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The Mainly Annual
EastWesterly Review/Postmodern Village
15th Annual Conference
Grope: the Advent of the Webcam Reacharound and What It Means
for the Employment Prospects of the 16-24 Year-Old Male
by Peter P. Wankey
This debut paper by Stan Wankey's talented son brings home
the depth of disconnection between the "targeted demographic"
male and the world of stable, productive human beings upon which
the former feeds. Now, as virtual reality provides tactile stimulation
technology, this group has even less of an incentive to leave
the house. However, Wankey's suggested "gaming rooms"
in cube farms hardly seem the answer. Put down the controller,
kid, and step away from the XXX-Box.
Bobbit, the Unmusical, or The Bouncing Balls of Bra-ed Way Come
to a Sudden End
by Mam O. Grammy
Freud clued in on the fear of losing it branded on the male
of the species, but Grammy relates this to the complementary
fear de-boobification for the womynist set. It seems that all
operations are a battle between the body and its own biology,
and this gets played out as crime writ large, the bebop of the
and Pudding Pops: the Plosive, Explosive Flavor of Future Cuisine,
or GenY Comes of Age
by William "The Coz" Hopper
To a generation used to popping their grandparents' nitroglycerin
pills for a thrill, the idea of turning young people on to the
more mundane flavors of the past poses a problem. Hopper proposes
a solution—of approximately .5 oz. denatured alcohol and
a well-placed match.
Flame: High Times for Gay Hip-Hop
By Lincoln F. Bulloxxxi
Hip-hop's homophobia started way before Eminem ever dropped
his first f-bomb (the three-letter one), but some strides are
being made--slowly. With a progress report on how the stereotypes
are being shattered, from hip-hop's embrace of interior design
through MTV Cribs to the pioneering character of Gangstalicious
on The Boondocks, Lincoln quoted one rapper as saying,
"we're here, we're queer, don't shoot."
Cherubics: the Totterizing of the Classic Puzzles, a Suzuki
Conspiracy to Control the Youth of the West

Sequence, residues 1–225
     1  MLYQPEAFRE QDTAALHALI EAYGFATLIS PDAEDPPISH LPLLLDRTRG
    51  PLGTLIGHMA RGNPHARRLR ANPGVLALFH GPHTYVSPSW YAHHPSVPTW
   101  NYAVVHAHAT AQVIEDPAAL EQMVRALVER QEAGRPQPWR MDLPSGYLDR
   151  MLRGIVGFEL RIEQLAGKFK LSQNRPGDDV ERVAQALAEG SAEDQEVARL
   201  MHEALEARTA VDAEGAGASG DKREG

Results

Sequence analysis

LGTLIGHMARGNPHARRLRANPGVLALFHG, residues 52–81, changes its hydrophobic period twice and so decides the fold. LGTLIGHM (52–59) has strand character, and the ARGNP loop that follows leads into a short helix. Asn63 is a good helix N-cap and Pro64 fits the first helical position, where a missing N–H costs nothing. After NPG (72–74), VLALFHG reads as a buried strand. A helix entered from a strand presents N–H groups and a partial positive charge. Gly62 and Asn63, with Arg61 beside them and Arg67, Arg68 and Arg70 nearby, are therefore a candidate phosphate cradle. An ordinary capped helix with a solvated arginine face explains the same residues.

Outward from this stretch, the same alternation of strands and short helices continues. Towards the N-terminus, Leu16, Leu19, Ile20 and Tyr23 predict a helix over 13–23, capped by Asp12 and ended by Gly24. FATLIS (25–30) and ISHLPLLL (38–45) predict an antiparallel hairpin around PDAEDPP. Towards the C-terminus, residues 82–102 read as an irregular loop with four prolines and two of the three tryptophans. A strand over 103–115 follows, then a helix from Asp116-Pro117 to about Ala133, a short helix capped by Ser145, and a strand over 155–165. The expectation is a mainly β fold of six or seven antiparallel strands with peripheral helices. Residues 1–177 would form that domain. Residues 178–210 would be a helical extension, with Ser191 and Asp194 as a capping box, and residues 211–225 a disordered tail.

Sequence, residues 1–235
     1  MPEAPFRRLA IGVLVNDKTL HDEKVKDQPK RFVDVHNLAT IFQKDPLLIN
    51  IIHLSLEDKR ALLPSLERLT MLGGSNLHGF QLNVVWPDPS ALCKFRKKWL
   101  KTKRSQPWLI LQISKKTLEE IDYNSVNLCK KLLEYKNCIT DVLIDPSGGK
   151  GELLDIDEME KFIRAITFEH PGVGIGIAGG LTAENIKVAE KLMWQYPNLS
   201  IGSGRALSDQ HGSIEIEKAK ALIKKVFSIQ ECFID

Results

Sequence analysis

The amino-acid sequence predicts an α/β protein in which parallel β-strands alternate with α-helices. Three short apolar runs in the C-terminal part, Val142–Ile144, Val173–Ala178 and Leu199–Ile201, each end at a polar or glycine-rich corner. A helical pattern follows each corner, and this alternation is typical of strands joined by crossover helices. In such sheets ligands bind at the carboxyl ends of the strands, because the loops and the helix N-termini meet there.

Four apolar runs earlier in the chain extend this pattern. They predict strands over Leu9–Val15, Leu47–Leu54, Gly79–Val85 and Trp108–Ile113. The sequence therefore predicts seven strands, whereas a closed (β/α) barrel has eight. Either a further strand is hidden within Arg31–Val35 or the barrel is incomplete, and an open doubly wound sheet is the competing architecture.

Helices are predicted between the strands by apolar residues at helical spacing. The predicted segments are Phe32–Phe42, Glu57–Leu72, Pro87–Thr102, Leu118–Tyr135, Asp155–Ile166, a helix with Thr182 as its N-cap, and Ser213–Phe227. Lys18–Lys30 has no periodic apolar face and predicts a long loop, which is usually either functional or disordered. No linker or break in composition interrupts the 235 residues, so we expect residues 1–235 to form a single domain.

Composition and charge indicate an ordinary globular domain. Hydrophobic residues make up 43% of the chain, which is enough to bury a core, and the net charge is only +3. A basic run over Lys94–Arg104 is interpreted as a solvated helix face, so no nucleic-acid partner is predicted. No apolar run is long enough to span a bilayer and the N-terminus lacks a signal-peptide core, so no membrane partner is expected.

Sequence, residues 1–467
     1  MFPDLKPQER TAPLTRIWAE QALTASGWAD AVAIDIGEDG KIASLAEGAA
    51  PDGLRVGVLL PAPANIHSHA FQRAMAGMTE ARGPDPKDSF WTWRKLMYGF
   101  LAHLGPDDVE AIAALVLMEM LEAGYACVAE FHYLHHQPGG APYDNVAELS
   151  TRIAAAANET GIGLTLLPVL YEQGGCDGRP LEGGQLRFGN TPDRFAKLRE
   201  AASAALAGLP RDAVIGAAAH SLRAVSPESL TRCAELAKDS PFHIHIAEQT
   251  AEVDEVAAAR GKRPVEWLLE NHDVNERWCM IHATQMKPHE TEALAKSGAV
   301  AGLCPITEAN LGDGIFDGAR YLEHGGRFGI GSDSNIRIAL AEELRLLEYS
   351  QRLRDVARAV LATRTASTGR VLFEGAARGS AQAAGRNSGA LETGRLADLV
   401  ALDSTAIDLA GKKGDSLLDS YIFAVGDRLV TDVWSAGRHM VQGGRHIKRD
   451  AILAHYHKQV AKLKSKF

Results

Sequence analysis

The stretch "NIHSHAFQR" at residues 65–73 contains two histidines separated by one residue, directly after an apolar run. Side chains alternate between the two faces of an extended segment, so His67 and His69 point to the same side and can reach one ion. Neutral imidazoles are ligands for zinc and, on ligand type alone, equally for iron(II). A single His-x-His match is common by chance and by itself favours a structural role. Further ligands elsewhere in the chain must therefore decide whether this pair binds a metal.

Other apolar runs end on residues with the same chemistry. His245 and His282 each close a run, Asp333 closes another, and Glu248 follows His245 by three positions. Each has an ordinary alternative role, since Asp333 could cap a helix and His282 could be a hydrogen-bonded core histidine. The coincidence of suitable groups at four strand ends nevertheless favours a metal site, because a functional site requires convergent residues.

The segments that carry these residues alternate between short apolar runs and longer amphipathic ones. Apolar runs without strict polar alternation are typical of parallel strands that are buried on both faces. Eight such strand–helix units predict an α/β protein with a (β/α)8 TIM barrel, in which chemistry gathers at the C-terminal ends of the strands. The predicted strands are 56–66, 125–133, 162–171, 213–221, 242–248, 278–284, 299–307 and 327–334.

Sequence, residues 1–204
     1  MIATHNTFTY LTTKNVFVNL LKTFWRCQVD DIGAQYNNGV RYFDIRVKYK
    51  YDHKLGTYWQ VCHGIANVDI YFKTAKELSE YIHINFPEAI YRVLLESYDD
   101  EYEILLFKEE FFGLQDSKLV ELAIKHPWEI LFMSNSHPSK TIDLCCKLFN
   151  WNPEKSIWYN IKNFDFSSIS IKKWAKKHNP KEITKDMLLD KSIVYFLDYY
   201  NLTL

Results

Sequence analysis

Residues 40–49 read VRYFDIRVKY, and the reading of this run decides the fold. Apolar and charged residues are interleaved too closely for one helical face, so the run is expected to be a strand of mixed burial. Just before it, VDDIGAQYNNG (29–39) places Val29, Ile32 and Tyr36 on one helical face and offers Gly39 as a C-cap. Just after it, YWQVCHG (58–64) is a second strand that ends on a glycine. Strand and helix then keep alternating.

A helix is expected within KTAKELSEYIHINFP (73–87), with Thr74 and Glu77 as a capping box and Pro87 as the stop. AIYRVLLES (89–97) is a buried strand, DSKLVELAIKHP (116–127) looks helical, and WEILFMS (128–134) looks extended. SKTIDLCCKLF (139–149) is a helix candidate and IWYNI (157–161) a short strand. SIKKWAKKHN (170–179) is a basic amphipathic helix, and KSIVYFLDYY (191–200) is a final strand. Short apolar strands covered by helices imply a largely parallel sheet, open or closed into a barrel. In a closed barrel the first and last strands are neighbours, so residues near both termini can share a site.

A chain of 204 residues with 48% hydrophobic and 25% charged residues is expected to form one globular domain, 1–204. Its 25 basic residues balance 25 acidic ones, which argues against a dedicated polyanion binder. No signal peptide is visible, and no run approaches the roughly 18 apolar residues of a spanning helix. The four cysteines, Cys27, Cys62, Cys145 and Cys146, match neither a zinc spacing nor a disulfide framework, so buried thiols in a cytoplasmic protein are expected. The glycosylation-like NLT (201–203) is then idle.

by Tokanna Soweda
Not content to dominate classical music, those pushing Suzuki
techniques have branched out into puzzles and games, intent
on converting the very way the next generations think. Sedition
as Sudoku? Weirder things have happened, a concerned Soweda
notes, and this paper certainly makes clear that by driving
down the age of competence, Suzuki methods help adults lose
their sense of confidence. The play is the thing to
catch the concept that's our king.
Club Culture: Bondage and Beefsteak, the Strip Club Grows Up
by Betti LeBoef
It's not enough to serve watery beer and moistened, mushy nuts:
today's strip club must upscale if it is to remain relevant
in an era in which Isaac Mizrahi deigns to design for Target.
Not just stripping, contends LeBoef, but KC strips will pack
the pleasure palaces with clientèle used to pay-per-spew
skin flix on their big-screen TVs. But the question LeBoef neglects
to reveal and, ironically, covers up with her bevy of gyrating
dancers, is why should we care?
Room for Groupies In the Wreck (but there Is for Groupers!):
Solace in the Solitary, or Communing with Nature for the Coming-Out,
a Dive Guide
by Norma Perfect
Norma Perfect is not alone: the ranks of those who have gone
before are Rich. But this dive guide provides the lip-service,
however muffled, to those who need to know that the decision
is individual. We were all suitably inspired—and nice
depth-charts as well!
Praise Song Thanatopsic, or Dealing with Death at Church Camp,
an Inslider's Perspective
by Michael W. Grant
Contemporary praise-song, with its superficial, rah-rah approach
to spirituality, has never been very good at dealing with the
darker side of everlasting life: somebody has to die
to get there. Grant suggests that the church camp is the right
place for this with its actual safety within the convenient
metaphor of wilderness. But binary notions of heaven and hell
provide little comfort, no matter how tasty the s'mores.
Page 5: "Purewater Runs Deep."